Then something happened to ruin the Bowl Season.  It was known as the Bowl alliance then.  Now it is the Bowl Championship Series.  While there has been an explosion of Bowl games, 35 this year, the BCS has told us that only one really counts.  Which game is that?  How do teams get there?  What are the criteria for deciding one and two?  At one time the AP or UPI polls were what mattered.  Were the sports writers better at ranking teams or the coaches?  When the bowl games were over we waited to see how each would give their final rankings.  We do not do that now.  The NCAA computer picks one and two and the rest are left to play in a meaningless bowl season.  The Rose Bowl tries to continue its tradition and have a PAC 10 champion play a Big 10 champion, except when it gets the so-called championship game every 4th year. Even with that they may not get the Big 10 Champion when they do not host the BCS championship, because the BCS may pick them for one of the other top games.  In 2003 the Big 10 had co-champions but the Rose Bowl did not get either one.  One went to the championship game and the other went to the Orange Bowl.  Why?  The Orange Bowl was allowed to pick its matches before the Rose Bowl was allowed to pick.

So when will this great game be on tonight so we can see the champs?  It won’t.  Not only are we told these games no longer count, the NCAA will provide us with another week of meaningless bowl games.  Everyday until next Monday, we will be presented with a Bowl game.  Tomorrow it is the Sugar Bowl.  You may wish to check the sports pages for the rest, or not.  Why did the NCAA decide to break up the traditions in favor of their computer’s rankings?  Do you really have to ask?  Greed.  It is pure and simple.  All 35 of the bowl games have sponsors and a few of them may fill the stadiums.  Some will not draw many fans to the stadiums, however.  Who wants to go to a game after they told you it does not count for anything?  If you look in the stands at most of these games, there are a lot of empty seats.  When I saw the end of the number 20 ranked Northwestern vs unranked Mississippi State in the Something Bowl brought to me by some Important Sponsor I saw many of the stands were empty.  It doesn’t really matter, as long as they have a corporate sponsor.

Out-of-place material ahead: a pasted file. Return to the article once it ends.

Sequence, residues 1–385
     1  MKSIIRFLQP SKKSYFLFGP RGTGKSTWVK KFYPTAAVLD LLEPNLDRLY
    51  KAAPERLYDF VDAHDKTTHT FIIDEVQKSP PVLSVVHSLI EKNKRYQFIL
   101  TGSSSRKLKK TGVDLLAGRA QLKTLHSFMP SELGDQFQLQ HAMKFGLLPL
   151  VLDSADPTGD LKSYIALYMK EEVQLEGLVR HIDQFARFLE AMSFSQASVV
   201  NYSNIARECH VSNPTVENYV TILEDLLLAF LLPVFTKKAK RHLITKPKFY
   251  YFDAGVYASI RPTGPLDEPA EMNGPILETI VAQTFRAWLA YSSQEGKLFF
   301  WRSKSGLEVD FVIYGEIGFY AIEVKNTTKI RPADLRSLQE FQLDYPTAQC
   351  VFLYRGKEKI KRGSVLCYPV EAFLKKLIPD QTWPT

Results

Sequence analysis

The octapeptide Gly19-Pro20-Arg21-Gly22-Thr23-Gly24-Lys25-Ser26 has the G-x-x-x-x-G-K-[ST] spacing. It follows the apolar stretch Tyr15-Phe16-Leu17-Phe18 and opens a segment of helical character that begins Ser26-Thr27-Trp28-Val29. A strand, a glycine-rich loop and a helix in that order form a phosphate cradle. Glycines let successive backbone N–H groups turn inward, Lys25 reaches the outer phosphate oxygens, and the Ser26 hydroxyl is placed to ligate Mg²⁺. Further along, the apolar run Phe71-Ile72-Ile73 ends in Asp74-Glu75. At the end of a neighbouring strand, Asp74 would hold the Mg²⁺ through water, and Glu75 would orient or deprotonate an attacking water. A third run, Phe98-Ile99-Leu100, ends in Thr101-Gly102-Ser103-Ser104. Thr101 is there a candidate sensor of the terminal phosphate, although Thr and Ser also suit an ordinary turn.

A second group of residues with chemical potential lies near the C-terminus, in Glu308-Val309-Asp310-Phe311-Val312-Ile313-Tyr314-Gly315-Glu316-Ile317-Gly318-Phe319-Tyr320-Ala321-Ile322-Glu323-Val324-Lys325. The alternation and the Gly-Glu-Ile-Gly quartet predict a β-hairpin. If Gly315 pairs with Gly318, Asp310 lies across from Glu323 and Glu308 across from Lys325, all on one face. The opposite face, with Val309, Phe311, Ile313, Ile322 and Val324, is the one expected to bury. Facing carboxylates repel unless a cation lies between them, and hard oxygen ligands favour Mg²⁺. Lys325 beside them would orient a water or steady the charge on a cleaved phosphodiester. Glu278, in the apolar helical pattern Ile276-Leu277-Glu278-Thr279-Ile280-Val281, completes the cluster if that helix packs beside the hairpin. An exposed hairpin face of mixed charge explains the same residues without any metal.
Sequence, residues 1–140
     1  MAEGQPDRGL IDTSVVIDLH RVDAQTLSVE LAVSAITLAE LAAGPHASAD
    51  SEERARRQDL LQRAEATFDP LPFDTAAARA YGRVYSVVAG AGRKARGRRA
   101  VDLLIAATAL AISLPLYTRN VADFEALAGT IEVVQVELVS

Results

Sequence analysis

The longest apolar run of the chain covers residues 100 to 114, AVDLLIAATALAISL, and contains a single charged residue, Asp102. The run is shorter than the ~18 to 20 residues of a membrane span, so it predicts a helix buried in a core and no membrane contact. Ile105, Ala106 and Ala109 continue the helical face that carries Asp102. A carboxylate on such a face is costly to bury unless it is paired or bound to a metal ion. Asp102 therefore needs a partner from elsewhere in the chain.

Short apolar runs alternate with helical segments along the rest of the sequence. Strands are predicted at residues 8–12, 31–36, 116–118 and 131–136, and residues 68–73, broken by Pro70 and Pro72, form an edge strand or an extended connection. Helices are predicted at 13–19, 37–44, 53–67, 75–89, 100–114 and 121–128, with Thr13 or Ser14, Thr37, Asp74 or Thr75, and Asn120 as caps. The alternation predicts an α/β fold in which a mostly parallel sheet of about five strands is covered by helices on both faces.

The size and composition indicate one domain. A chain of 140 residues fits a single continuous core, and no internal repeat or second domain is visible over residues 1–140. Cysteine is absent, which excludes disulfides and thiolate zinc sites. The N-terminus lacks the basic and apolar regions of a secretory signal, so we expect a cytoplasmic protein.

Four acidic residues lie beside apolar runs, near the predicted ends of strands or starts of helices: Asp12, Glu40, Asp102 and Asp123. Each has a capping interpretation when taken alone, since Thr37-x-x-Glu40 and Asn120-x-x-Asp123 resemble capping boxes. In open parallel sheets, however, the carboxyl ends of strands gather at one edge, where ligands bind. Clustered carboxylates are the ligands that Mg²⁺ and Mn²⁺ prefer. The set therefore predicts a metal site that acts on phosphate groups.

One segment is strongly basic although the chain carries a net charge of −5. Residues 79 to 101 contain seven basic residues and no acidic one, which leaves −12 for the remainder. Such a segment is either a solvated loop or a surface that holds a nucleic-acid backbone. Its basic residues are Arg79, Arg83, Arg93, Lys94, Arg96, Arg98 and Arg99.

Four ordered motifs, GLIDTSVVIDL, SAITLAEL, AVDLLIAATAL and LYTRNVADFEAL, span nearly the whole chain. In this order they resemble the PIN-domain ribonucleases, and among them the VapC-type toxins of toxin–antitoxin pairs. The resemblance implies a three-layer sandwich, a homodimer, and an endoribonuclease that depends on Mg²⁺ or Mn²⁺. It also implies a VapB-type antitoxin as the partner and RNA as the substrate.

I am sure all the remaining games have big corporate sponsors and television coverage.  If not, they would not exist.  Bowls without corporate sponsors and tv contracts have gone the way of the dodo bird or previous BCS computers.  Indeed there are far more bowl games in the graveyard of college traditions than there are current bowl games.  The present BCS format will also bite the dust when the NCAA goes to a 4 team play off system.  Is there any guarantee that those on the outside looking in do not deserve to actually be one of the 4?  Of course not.  They will just tell us there will be 3 games of meaning instead of just one.  Why would they go to this format?  Have you been paying attention?  Greed.  The next television deal for the Championship playoffs is worth a reported 500 million for a dozen years.  Now we are getting closer to NFL money.  By the way, you better have cable or satellite television.  ESPN bought the rights and that is no Mickey Mouse agreement.  Well, in a way it is.